Nash Farm Fall Round-Up offers step back in time

Posted Monday, Oct. 21, 2013  comments  Print Reprints

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The city is proud of Nash Farm, its historic life on the farm experience that includes a home, barn and cemetery that is listed on the National Register of Historic Places. And the city showed it off Oct. 19 at its annual Fall Round-Up.

Activities included blacksmithing, wood carving and wood-burning stove cooking demonstrations. New this year was the Somethin’ Pumpkin Baking Contest, where guests entered pumpkin-flavored baked goods.

“We show people how to use heritage skills to enrich their lives,” said Jim Lauderdale, Nash Farm manager, said of the annual event. “We want them to see the rural atmosphere right here in the middle of the Metroplex.”

Lauderdale said those who visit Nash Farm, which is located on 5.2 acres several blocks from Historic Downtown Grapevine, get a glimpse of what life was like on the farm more than a century ago. A big part of the Nash Farm experience is education, he said.

The Nash family was part of a migration of farmers from the upper South who settled on the Grape Vine Prairie in the years prior to the Civil War.

Thomas Jefferson Nash was born in 1827 and his wife, Elizabeth Mouser, in 1828. They were married on Feb. 17, 1848, and had five daughters and one son.

The oldest three were born in Kentucky and the youngest three in Grapevine. Nash purchased 110 acres of farmland in Grapevine in 1859, Lauderdale said, which “was not an unusual size for a farm.”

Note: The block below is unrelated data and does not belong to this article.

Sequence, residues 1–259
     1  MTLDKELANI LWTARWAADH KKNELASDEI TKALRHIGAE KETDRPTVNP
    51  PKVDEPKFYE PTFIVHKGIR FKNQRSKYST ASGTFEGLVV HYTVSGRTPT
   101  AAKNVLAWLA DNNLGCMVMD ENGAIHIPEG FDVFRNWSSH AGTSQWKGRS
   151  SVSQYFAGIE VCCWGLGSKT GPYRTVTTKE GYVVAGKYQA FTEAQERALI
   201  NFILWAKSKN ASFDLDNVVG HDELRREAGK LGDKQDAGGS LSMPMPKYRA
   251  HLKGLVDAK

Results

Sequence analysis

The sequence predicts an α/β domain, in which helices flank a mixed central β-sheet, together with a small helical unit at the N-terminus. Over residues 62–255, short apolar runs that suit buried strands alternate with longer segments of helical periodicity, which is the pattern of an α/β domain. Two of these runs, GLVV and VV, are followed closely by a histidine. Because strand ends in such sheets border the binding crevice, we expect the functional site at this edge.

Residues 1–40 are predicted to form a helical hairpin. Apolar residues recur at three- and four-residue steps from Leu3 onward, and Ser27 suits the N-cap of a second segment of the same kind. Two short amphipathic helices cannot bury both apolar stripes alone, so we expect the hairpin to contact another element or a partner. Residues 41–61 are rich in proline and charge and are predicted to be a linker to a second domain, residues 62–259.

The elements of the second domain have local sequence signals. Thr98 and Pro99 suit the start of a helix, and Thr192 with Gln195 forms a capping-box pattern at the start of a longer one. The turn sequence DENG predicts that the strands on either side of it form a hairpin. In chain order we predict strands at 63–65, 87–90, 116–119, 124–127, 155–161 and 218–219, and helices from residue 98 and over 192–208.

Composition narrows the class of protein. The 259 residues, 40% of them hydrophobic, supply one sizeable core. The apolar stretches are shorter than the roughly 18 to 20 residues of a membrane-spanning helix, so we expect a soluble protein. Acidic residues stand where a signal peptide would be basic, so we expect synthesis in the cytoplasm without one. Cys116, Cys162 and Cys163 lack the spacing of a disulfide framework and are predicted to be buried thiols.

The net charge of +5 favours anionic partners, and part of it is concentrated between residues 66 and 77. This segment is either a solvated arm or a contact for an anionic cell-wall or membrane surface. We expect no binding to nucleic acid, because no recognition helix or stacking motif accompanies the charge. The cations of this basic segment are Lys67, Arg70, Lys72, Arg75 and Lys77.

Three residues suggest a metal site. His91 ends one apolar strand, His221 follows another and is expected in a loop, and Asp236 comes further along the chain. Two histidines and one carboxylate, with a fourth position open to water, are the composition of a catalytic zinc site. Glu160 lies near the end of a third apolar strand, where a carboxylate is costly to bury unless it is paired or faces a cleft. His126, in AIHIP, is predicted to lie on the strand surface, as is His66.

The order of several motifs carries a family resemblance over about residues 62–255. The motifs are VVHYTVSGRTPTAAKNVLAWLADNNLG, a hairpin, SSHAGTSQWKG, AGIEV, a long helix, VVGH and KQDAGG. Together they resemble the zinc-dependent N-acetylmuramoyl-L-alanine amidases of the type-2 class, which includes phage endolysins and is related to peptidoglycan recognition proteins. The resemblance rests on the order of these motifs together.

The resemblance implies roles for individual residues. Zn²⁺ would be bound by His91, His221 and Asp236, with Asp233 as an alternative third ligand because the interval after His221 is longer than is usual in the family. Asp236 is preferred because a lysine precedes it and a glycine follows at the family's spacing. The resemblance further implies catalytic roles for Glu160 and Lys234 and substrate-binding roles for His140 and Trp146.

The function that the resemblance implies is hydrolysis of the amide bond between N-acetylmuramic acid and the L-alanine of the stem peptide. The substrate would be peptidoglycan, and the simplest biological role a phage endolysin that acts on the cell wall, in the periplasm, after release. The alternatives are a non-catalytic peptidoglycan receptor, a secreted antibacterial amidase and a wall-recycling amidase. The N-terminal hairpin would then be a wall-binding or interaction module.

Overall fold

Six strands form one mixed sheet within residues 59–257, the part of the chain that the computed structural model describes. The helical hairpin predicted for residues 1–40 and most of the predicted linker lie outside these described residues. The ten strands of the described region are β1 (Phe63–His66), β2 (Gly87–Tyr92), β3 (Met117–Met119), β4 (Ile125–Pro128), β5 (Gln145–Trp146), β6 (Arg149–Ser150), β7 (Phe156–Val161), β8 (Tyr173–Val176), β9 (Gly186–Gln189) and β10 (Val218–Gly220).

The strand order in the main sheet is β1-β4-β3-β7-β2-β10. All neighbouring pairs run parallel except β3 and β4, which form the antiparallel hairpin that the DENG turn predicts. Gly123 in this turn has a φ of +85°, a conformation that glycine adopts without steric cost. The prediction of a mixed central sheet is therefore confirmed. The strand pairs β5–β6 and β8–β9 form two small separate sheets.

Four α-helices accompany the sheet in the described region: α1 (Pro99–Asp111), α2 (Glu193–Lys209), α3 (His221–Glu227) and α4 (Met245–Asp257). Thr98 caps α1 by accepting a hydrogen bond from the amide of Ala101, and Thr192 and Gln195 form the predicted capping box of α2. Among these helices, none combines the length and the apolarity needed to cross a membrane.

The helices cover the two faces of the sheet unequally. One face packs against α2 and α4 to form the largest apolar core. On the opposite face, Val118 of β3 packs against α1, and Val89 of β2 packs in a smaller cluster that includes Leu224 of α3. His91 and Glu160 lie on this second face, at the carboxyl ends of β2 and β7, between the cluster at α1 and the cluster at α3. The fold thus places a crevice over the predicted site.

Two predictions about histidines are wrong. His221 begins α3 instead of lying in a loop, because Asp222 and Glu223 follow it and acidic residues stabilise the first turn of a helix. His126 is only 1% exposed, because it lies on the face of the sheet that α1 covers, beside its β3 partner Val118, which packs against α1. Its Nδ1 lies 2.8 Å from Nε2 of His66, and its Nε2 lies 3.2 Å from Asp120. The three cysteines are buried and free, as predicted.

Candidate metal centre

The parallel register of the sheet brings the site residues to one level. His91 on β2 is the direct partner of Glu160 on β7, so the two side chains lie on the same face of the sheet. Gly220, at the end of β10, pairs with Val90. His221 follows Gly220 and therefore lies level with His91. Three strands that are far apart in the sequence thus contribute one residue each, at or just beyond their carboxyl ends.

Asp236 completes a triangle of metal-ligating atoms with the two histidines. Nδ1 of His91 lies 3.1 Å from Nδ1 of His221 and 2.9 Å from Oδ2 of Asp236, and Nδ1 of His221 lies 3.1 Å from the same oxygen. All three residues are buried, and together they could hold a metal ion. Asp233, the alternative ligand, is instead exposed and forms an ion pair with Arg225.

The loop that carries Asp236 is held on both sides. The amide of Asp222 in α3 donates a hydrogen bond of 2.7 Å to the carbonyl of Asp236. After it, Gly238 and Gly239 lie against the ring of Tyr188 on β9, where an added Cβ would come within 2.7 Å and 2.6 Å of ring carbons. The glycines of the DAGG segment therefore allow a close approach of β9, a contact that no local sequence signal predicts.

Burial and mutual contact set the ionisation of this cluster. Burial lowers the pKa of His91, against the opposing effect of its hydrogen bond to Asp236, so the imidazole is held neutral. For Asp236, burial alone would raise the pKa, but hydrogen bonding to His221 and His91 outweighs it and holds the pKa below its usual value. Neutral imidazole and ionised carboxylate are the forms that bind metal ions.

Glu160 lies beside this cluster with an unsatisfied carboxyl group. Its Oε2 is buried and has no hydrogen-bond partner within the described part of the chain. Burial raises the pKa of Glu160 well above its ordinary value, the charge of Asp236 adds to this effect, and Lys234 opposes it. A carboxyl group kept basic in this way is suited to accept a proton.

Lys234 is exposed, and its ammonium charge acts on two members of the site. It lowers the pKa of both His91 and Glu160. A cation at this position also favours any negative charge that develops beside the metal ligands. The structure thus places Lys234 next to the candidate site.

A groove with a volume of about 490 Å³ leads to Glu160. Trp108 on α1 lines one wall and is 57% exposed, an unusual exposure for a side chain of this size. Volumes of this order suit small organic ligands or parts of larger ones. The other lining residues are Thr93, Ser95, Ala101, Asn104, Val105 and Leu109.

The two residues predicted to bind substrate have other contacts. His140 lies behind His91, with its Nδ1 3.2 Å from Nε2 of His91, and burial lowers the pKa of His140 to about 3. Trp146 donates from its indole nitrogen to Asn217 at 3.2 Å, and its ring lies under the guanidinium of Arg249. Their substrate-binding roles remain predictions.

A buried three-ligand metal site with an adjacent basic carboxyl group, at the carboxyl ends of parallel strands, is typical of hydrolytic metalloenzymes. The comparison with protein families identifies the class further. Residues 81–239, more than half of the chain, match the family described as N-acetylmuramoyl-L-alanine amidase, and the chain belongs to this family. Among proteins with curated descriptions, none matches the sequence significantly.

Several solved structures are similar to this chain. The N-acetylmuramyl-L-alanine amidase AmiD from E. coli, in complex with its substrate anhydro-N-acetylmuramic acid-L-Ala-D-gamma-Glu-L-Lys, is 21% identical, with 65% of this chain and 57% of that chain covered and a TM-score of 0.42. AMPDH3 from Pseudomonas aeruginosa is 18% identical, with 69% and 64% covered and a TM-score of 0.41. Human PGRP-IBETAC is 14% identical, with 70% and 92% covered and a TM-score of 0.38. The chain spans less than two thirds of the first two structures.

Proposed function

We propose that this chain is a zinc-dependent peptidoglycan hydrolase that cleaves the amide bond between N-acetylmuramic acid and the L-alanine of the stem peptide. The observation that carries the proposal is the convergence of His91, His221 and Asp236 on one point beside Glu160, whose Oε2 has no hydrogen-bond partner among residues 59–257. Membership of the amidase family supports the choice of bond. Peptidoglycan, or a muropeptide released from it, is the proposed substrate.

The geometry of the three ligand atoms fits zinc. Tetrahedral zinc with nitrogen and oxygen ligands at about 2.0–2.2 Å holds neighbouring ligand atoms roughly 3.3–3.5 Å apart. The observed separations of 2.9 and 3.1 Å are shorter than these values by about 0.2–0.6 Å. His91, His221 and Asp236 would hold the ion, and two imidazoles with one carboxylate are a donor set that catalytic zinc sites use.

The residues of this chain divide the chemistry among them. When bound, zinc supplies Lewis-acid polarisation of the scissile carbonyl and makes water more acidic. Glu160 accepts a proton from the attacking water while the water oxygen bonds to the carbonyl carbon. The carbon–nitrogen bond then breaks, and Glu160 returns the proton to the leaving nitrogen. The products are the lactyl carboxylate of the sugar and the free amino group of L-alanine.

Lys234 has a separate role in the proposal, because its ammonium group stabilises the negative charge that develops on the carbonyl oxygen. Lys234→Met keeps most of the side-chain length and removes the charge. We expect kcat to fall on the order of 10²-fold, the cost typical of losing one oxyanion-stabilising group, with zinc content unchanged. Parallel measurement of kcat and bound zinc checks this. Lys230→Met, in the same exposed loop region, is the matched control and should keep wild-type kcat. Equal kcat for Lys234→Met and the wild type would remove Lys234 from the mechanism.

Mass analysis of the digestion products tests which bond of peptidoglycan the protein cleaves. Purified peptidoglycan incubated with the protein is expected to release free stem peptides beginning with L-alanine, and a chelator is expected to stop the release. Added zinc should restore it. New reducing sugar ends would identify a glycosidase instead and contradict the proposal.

At first, the family lived in a log cabin, which was replaced around 1869 by the current house. The Nash family raised an assortment of livestock and crops and “over the years, the farm grew to about 450 acres,” Lauderdale said.

Unfortunately, Lauderdale said, Thomas died in 1907 and his wife in 1925, leaving no will. The property was sold and the children split the proceeds.

The city and the Grapevine Heritage Foundation, which always had an eye on the property, bought the site in 2000. A capital campaign was held in 2008 that raised approximately $800,000 to restore the house, which retains much of its original structure.

“The 1869 house, which had undergone several renovations, was brought back to its original look, right down to the green paint that covers the building — a luxury for its time — and the yellow eaves for good luck,” Lauderdale said.

Today, Nash Farm is overseen by the Grapevine Heritage Foundation Board of Directors, who partners with the Grapevine Convention & Visitors Bureau to provide the staff for the site.

“The Grapevine Heritage Foundation’s mission for Nash Farm is to preserve, protect, and visually reflect the significance of our farming and agricultural heritage so that future generations may appreciate and experience a way of life lived by settlers of the Grape Vine Prairie,” Lauderdale said.

Nash Farm offers special events and interpretive programs, as well as educational tours that allow visitors to connect with the agricultural heritage of the Grape Vine Prairie.

But its Fall Roundup 13 years ago was the site’s “first large event,” he said.

Marty Sabota, 817-390-7367

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